Tuesday, April 27, 1999

Chinese property bubble

China's economic growth over the past few years has been phenomenal. Growth in international trade has created a demand for property that has hitherto been unheard of. Urban centres such as Shanghai and Beijing have witnessed a growth in prices to the point where many local people would now be unable to purchase the homes in which they live.

There is a further dimension to the Chinese property market, which is seldom mentioned in the Western media: all the land in China is state owned and there is no existing law in China permitting, let alone protecting, the acquisition of private land ownership.

The “purchasing” of a property in China does not result in the ownership, either in part or in whole, of the property or the land that the property in question is built upon. Rather, the “purchaser” receives a lease of a certain length (normally around 70 years) for the exclusive (but transferable) right to the usage of the property. The law governing what happens after the present lease expires is still being formulated and is one of the hotly debated issues in the Chinese law community.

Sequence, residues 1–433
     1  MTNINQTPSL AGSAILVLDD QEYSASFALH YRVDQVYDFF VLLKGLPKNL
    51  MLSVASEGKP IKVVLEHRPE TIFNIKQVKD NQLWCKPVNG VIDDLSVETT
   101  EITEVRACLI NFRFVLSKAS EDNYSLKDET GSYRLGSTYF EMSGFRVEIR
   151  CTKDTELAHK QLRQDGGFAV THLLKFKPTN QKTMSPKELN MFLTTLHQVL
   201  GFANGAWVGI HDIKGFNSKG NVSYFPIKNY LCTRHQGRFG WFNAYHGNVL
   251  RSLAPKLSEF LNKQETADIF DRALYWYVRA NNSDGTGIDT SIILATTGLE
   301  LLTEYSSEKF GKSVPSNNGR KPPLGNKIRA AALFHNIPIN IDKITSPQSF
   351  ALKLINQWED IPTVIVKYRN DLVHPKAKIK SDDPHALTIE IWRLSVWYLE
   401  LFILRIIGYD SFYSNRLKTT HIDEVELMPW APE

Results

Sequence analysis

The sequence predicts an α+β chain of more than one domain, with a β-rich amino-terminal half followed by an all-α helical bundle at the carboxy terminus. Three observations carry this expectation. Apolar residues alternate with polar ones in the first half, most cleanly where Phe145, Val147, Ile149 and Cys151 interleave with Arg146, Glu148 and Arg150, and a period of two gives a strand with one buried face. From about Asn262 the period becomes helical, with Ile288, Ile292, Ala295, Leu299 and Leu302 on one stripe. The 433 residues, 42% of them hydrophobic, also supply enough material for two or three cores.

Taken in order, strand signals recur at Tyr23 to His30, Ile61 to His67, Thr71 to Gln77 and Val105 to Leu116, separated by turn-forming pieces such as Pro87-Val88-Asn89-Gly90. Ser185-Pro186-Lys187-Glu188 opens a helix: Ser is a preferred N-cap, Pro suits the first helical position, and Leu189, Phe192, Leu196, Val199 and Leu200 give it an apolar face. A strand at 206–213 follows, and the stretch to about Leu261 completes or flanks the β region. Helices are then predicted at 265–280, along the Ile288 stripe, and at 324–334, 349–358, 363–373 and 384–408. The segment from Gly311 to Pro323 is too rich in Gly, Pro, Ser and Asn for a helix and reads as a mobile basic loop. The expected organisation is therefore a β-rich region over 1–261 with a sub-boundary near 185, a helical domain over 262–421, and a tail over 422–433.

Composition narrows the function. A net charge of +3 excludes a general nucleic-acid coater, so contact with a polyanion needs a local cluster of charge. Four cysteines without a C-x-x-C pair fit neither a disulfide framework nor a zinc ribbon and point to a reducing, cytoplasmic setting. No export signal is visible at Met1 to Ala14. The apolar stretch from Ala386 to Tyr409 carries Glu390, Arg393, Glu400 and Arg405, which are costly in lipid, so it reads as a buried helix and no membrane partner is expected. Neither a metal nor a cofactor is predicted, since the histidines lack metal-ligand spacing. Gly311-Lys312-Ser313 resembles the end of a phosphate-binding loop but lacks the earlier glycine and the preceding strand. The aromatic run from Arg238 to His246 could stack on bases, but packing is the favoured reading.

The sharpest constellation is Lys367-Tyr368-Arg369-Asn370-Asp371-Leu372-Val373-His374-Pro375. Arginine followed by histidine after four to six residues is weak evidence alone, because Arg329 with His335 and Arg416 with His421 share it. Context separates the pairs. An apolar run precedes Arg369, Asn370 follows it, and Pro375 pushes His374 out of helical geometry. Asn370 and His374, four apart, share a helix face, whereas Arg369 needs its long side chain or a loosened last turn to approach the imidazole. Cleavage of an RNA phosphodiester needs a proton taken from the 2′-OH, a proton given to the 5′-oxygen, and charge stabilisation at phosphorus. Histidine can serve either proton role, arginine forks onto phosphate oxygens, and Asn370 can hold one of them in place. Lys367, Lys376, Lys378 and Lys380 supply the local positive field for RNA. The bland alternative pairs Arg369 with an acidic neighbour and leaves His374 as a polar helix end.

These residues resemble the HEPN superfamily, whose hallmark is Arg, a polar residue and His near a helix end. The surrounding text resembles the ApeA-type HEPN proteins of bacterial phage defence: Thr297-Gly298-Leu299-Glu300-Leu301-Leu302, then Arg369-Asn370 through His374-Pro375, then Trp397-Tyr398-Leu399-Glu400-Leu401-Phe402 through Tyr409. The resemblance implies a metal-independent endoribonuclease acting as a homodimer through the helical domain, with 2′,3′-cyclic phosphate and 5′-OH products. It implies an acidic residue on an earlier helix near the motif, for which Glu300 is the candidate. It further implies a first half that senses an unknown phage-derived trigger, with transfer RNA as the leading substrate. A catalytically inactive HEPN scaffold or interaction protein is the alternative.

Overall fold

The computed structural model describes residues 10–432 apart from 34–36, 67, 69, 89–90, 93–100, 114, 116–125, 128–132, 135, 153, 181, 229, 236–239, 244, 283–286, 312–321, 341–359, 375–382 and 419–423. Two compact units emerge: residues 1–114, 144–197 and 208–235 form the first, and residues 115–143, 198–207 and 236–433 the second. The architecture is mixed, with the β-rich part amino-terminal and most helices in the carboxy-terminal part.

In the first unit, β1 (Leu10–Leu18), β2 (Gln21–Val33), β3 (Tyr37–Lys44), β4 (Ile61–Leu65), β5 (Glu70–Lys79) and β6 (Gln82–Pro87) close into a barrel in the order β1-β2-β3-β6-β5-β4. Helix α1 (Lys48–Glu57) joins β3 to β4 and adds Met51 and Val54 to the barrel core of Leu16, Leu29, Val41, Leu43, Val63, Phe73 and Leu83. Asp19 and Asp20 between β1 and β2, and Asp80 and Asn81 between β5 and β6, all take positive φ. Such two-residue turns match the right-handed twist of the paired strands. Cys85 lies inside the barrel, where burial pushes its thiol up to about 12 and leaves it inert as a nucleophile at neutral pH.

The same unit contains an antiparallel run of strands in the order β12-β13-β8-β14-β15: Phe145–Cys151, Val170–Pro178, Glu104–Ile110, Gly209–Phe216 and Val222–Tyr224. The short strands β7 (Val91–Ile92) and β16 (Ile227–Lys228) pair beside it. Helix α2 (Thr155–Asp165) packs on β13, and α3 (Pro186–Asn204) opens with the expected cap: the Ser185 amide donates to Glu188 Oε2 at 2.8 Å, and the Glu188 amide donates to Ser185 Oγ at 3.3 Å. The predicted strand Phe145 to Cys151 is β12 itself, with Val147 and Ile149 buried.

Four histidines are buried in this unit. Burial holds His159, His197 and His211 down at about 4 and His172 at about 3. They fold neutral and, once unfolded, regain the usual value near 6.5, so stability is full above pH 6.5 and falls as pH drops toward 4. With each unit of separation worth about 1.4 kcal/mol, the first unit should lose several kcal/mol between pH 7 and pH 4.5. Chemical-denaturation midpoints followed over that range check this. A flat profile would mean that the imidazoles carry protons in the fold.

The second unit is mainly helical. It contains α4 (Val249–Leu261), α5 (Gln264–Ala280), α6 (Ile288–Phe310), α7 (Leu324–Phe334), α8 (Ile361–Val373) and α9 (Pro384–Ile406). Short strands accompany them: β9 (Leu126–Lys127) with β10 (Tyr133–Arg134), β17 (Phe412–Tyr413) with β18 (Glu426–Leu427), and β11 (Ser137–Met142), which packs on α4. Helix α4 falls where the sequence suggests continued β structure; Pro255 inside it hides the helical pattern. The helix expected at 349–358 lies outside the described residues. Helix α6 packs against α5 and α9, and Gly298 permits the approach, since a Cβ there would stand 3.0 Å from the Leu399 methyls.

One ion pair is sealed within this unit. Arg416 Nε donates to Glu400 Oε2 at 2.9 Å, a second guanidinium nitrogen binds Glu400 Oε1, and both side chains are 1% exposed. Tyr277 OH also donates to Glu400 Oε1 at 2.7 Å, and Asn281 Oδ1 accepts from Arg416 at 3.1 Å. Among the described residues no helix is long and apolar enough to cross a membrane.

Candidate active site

Further more, as all lands are state owned, the city or provincial government officials in China possess extraordinary powers when it comes to land usage planning and allocation. This is a country where sections of a city can be arbitrarily demolished and rebuilt with scant consultation (if any) with the people concerned. At the time of writing, the law protecting the property leaseholder in situations where the land it locates on is to be redeveloped is ambiguous at best.

Therefore, after taking into account the fact that the Chinese “property market” consists entirely of the trading of these time limited land leases of uncertain future, the magnitude of their recent boom in price, and the potential size of the housing bubble created as a result, is perhaps beyond comparison to any other country in the world at this time.